As an aside, this isn't abnormal in Crypto. In Jan & March 2017, it dropped significantly in value before rebounding. From June to August 2017, it did the same thing. In Sept, it did the same thing before going on a run to 20k in December. We'll see what happens but there is definite money to be made here and if your friend's son in law is smart about it, he can do quite well. With Robinhood now adding crypto to it's trading app and 500k+ applications of people waiting to get access, there will be another influx of cash. And really, in August the price got as low as 1,800. The fact that it got up to 20k is one thing but it being stuck in the 10-11k range is still 6x return if you bought in August so while it did drop 50% in value from Dec - Jan, it still went up 600% from August to now. Buying in at the top (17-19k), just like the stock market, is a good way to lose money.

Everything I have in crypto is profit and it's all money I can afford to lose. I'm under no illusion that BTC itself is kind of meh and that at some point, this might completely blow up. At the same time, I bought into projects that I believe in, ones that have shown a strong track record for communication, innovation and delivery and ones that I think have a legitimate future (Stratis, POWR, Aion, ETH). I have very little actual BTC and what I do have is essentially there to buy short term trades at the bottom before a catalyst, make a quick 20-30% and get out to buy other projects I believe in. I'll bank profits every month or two and that way I'll be protected against a complete crash. Not sure why people wouldn't want to do that.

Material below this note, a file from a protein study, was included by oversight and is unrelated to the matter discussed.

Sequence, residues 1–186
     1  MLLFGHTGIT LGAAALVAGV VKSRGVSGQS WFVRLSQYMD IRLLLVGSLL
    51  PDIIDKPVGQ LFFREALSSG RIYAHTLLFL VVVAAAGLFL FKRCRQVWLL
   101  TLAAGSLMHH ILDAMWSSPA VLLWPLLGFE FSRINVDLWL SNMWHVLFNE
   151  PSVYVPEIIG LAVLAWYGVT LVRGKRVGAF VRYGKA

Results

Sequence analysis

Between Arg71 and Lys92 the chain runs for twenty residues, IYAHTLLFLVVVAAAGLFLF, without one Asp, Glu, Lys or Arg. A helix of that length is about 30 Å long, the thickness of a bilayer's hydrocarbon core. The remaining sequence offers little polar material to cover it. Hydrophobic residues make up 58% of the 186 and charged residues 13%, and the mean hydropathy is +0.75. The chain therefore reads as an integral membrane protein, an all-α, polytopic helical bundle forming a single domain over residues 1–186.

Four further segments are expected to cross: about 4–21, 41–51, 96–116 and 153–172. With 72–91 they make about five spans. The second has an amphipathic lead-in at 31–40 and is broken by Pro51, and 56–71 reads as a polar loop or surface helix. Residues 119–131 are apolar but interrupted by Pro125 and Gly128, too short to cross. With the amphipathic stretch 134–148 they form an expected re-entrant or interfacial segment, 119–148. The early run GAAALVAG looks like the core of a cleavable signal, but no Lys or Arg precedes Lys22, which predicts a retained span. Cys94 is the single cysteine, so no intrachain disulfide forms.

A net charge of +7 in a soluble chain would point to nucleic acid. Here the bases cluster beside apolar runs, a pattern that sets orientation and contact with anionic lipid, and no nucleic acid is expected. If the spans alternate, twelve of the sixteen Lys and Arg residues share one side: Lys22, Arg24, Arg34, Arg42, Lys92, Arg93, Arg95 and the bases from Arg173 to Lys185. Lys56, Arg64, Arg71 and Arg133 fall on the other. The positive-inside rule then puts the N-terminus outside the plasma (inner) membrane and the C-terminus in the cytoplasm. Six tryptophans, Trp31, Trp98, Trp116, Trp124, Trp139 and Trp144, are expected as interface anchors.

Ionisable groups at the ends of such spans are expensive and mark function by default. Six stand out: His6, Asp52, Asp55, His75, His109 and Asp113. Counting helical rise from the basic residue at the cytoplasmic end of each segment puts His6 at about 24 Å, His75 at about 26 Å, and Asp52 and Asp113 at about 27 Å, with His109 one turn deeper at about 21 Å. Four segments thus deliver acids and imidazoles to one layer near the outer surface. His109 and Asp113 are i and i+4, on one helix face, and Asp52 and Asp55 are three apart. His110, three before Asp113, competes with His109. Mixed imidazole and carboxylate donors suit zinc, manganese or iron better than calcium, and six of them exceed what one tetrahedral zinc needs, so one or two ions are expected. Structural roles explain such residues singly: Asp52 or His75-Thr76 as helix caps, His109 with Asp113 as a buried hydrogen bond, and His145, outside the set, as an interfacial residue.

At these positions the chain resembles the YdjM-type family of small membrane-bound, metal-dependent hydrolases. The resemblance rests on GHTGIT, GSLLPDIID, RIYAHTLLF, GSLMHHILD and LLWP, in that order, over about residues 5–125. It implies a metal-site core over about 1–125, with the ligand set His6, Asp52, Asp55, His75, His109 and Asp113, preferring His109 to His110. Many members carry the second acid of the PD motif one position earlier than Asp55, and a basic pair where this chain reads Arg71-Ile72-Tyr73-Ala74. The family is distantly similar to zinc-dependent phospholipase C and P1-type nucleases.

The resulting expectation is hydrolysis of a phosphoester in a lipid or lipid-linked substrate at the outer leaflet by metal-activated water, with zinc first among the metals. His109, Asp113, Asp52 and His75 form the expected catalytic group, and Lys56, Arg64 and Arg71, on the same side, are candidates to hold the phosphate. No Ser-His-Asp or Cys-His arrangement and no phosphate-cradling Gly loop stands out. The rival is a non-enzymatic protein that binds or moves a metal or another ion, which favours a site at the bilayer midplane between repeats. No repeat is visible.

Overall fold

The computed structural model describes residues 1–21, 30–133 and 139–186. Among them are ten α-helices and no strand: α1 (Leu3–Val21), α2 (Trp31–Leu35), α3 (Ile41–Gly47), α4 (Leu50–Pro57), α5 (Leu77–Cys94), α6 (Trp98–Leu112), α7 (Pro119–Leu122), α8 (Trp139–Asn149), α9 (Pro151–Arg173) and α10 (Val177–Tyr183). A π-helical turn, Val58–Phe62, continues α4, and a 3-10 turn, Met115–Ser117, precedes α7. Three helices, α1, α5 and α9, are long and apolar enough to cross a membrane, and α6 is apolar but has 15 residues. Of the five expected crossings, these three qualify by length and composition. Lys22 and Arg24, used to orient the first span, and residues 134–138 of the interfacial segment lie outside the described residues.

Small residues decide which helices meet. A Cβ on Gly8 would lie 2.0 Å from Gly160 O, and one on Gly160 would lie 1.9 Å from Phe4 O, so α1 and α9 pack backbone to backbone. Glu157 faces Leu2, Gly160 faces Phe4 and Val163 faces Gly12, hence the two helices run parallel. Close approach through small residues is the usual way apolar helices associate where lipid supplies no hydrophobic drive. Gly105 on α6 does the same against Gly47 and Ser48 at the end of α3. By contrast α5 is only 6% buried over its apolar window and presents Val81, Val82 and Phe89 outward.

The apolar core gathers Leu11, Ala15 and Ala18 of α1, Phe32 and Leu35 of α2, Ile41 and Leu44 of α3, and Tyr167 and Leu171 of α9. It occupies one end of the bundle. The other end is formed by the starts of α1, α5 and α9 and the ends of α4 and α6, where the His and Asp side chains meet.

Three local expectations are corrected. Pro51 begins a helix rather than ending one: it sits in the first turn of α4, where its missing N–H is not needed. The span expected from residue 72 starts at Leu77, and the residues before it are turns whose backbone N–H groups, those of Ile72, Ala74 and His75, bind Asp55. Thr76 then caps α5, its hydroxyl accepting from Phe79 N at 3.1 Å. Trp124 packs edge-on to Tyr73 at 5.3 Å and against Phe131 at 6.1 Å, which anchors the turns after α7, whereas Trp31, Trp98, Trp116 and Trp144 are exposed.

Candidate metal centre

Edited by Mexal

Share this post


Link to post
Share on other sites

This remains the best thing to come out of this environmental murdering cryptocurrency bullshit:

http://www.techweez.com/2018/01/26/ponzicoin-crypto-scheme/

Quote

Back in 2014, a crafty developer created a cryptocurrency and aptly named it PonziCoin. The idea was that it was to operate like a proper Pyramid scheme, where early investors would need to invite more people to invest in this coin in order for them to make money. Well, things didn’t go as planned as he waited for people to invest in the said cryptocurrency and he made off with approximately $7000, which is around $2.2M in today’s value, without giving any payouts to anyone.